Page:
Sharjah, UAE: The Ministry of Education’s plan to ensure that all public school pupils and teachers have a tablet or laptop computer has been extended to include special-needs students.
As part of a pilot programme that began in November, the Mohammed bin Rashid Smart Learning Programme now counts the Al Amal School for Deaf Students among its 147 schools offering high-tech, digital learning.
The school’s Grade 8 and 9 classrooms have been rebuilt to accommodate new computer networking systems and Wi-Fi communications that enable pupils and teachers to access electronic devices and custom educational software.
Corporate partners of the Smart Learning Programme donated the equipment that included a Smart Board for each classroom, a laptop for each of the 12 teachers and tablets for 14 pupils.
Installation of the networking system was provided to the school free of charge by Carawan Electrical Mechanical Works.
Officials did not reveal the total cost of adapting the school for the programme.
The implementation of the programme was announced on Monday by Mohammed Gheyath, director general of the Mohammed bin Rashid Smart Learning Programme, school principal Afaf Haradi and Sheikha Jameela bint Mohammed Al Qasimi, director general of Sharjah City for Humanitarian Services, which operates the school.
“Although it is still early days, the programme has truly transformed these classrooms,” said Sheikha Jameela, Supreme Council for Family Affairs vice-president.
“We are amazed at how quickly the students have grasped and adapted to the new teaching techniques. In more ways than one the new teaching techniques have motivated and encouraged the students,” she said.
“There is also a sense of accountability and empowerment that comes with students having information and syllabus at their fingertips.”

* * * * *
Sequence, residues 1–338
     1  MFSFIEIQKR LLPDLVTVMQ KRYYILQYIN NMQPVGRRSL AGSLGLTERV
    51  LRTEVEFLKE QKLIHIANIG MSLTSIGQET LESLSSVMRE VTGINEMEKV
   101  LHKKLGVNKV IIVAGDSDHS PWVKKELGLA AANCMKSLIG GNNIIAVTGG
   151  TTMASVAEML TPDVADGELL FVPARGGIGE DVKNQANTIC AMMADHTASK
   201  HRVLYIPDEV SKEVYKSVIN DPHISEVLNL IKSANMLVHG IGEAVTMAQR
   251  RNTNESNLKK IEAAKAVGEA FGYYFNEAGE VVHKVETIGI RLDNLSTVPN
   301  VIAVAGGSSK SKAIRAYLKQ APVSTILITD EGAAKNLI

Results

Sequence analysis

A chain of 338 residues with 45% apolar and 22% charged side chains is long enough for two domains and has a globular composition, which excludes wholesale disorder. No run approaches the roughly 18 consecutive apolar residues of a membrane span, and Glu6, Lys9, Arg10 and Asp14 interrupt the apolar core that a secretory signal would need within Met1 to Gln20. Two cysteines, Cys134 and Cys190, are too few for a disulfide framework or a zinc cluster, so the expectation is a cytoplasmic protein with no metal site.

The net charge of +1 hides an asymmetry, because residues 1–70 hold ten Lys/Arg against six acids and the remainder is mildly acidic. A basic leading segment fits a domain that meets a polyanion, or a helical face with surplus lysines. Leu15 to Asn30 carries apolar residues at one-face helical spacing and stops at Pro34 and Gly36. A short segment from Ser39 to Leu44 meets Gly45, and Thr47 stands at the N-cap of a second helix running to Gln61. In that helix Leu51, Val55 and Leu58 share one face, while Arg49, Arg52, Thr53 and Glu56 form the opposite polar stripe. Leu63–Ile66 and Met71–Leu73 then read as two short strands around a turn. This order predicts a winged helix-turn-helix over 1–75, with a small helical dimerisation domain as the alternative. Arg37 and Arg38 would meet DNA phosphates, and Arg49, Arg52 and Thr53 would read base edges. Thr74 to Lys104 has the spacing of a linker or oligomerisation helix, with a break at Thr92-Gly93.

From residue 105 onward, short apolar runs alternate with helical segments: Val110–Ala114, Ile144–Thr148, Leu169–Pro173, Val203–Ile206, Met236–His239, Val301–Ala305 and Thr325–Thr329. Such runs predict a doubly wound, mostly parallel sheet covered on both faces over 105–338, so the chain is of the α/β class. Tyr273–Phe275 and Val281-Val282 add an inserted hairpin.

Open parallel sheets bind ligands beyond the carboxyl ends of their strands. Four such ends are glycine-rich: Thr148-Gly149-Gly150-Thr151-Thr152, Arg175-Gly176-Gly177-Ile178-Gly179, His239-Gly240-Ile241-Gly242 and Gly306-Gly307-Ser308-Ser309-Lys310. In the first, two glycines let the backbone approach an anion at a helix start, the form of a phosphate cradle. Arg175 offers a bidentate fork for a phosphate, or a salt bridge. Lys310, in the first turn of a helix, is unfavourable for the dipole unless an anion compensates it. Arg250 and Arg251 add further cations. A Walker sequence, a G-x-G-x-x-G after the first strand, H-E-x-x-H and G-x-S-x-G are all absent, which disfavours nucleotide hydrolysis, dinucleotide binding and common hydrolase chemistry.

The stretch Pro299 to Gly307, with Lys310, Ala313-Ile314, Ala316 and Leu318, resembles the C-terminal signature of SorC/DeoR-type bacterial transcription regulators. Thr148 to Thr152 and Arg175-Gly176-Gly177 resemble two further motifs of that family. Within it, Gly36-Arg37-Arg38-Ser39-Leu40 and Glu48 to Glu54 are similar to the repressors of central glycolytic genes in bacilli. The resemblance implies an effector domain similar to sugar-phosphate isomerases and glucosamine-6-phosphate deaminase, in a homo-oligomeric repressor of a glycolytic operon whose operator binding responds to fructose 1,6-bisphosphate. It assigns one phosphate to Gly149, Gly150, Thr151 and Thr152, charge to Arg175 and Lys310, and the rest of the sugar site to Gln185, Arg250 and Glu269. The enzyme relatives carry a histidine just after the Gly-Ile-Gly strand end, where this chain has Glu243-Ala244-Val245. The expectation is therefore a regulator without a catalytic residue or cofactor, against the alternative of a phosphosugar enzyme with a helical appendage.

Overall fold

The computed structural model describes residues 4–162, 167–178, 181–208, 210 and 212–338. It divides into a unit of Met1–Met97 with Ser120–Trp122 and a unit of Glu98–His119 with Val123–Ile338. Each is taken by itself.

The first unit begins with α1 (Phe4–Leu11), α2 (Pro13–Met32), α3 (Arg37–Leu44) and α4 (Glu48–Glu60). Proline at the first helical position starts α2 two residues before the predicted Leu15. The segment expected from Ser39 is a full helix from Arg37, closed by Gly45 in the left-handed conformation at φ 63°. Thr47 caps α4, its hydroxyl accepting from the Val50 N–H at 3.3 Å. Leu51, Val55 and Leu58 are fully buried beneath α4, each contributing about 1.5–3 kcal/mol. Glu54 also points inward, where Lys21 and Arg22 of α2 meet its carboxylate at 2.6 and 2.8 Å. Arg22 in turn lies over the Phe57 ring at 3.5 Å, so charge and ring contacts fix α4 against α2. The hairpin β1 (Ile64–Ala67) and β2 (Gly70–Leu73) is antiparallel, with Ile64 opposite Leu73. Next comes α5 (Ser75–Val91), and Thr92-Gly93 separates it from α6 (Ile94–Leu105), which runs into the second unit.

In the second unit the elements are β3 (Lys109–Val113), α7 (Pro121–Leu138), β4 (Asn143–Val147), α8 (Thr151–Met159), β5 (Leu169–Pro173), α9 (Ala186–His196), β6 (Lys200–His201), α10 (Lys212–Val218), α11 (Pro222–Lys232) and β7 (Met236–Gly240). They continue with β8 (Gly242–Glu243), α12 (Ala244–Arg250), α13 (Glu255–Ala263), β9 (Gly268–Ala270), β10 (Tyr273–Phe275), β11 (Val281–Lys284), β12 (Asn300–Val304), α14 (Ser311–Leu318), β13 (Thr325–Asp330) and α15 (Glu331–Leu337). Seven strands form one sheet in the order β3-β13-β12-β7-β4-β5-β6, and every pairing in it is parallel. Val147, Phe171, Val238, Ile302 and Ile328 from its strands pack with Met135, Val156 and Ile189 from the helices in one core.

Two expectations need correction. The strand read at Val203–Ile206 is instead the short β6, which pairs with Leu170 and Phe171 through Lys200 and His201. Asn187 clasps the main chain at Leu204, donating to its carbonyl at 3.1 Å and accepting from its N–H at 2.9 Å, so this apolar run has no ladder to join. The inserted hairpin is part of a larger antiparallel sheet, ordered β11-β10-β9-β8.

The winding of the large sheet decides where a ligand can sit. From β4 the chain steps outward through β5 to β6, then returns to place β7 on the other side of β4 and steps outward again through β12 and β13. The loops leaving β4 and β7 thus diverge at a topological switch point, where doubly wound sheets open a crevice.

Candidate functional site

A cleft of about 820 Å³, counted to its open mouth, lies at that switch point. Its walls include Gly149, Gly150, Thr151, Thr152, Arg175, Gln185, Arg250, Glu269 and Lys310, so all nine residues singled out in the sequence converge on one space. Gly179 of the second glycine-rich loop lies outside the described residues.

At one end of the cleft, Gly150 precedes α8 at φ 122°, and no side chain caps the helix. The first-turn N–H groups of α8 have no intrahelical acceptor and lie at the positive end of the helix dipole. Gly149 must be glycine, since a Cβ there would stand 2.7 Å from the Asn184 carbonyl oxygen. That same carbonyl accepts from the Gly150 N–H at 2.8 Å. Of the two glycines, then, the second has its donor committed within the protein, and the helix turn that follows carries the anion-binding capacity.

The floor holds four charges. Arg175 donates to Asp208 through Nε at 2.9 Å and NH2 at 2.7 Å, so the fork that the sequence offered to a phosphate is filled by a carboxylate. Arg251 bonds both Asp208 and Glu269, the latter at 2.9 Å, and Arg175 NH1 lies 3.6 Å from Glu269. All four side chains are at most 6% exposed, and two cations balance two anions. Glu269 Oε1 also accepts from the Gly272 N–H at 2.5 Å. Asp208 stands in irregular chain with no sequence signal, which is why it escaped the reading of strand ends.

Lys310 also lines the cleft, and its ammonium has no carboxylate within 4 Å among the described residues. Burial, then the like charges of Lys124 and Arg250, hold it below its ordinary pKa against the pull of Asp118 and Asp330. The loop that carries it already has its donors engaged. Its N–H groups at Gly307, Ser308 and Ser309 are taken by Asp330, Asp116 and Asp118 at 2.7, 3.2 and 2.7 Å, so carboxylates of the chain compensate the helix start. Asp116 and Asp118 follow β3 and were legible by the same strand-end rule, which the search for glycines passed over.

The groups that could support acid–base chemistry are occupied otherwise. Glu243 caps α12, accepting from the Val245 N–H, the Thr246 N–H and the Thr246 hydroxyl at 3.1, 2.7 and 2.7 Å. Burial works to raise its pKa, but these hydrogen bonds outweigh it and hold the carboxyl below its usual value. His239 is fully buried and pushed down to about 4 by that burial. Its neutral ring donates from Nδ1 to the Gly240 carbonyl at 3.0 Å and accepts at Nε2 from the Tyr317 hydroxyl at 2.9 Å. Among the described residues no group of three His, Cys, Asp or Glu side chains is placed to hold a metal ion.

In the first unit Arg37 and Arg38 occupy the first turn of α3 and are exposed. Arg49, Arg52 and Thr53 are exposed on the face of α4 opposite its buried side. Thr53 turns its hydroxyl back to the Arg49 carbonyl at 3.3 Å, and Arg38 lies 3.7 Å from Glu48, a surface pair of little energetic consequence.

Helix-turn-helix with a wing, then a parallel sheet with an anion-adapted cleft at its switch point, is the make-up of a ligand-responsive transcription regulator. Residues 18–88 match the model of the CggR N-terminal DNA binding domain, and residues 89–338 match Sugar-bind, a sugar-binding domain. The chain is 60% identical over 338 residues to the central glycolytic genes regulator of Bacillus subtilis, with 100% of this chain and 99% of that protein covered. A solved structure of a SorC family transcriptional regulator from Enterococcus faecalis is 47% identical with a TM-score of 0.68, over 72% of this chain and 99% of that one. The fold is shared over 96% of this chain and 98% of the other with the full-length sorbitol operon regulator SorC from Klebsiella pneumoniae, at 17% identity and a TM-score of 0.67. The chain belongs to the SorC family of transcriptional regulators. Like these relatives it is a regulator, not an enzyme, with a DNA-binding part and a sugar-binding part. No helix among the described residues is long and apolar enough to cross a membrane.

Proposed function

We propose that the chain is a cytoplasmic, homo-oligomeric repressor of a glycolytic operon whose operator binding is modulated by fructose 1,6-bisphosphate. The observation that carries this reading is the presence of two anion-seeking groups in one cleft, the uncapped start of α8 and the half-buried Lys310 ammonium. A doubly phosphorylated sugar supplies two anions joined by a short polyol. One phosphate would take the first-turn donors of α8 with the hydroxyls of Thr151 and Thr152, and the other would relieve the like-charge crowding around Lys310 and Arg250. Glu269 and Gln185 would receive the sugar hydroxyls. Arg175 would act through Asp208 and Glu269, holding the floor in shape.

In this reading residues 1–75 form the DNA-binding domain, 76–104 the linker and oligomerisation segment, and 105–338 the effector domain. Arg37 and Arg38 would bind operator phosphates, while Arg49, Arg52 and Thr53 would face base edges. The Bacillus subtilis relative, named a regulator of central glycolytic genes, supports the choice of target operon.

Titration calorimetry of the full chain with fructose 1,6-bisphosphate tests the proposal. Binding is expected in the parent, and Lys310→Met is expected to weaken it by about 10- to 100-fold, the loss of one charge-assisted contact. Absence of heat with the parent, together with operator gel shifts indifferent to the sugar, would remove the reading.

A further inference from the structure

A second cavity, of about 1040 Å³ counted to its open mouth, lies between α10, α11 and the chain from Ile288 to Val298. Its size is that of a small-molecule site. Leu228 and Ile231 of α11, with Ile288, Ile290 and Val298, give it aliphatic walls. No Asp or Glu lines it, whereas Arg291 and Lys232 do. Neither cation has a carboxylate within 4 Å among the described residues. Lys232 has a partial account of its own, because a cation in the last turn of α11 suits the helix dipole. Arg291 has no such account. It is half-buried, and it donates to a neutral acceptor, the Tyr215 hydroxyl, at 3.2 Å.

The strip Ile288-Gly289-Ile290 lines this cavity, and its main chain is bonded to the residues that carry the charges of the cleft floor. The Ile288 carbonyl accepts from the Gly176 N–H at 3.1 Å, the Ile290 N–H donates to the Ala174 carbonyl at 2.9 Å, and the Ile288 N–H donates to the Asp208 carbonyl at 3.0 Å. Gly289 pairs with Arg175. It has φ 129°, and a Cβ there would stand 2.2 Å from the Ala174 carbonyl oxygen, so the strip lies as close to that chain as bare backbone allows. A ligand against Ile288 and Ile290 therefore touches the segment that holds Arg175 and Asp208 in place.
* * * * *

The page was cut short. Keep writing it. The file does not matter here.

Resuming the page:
Hamada Abd Ellatif, who teaches English, said the programme had transformed the pupils’ education.
“The learning of this course before using this programme and after using this programme is completely different,” said Mr Abd Ellatif.
“It gives them all visual aids. Deaf students have great fun using the latest technology – touching, using iPads – and they found this in this programme. They found fun.
“It’s like they’re playing online with their friends. They learn and they educate this way.”
He said the technology helped him to improve communication with his pupils because it allowed them to send him instant messages through the application.
The software also enables teachers to embed sign language videos to translate YouTube or other instructional videos so students can understand what they are watching.
The interactive lessons simultaneously broadcast on the classroom Smart Board and the pupils’ tablet screens. Occasionally, multiple-choice questions appear on screen requiring students to click and drag the answer to the right question. When a student answers correctly, a symbol flashes on screen signalling praise.
Mr Gheyath hopes to replicate the successes of Al Amal School for Deaf Students in other schools for children with special needs.
The ministry’s plan is to install the Smart Learning Programme technology in all K-12 public schools in the country by 2019.
© The National
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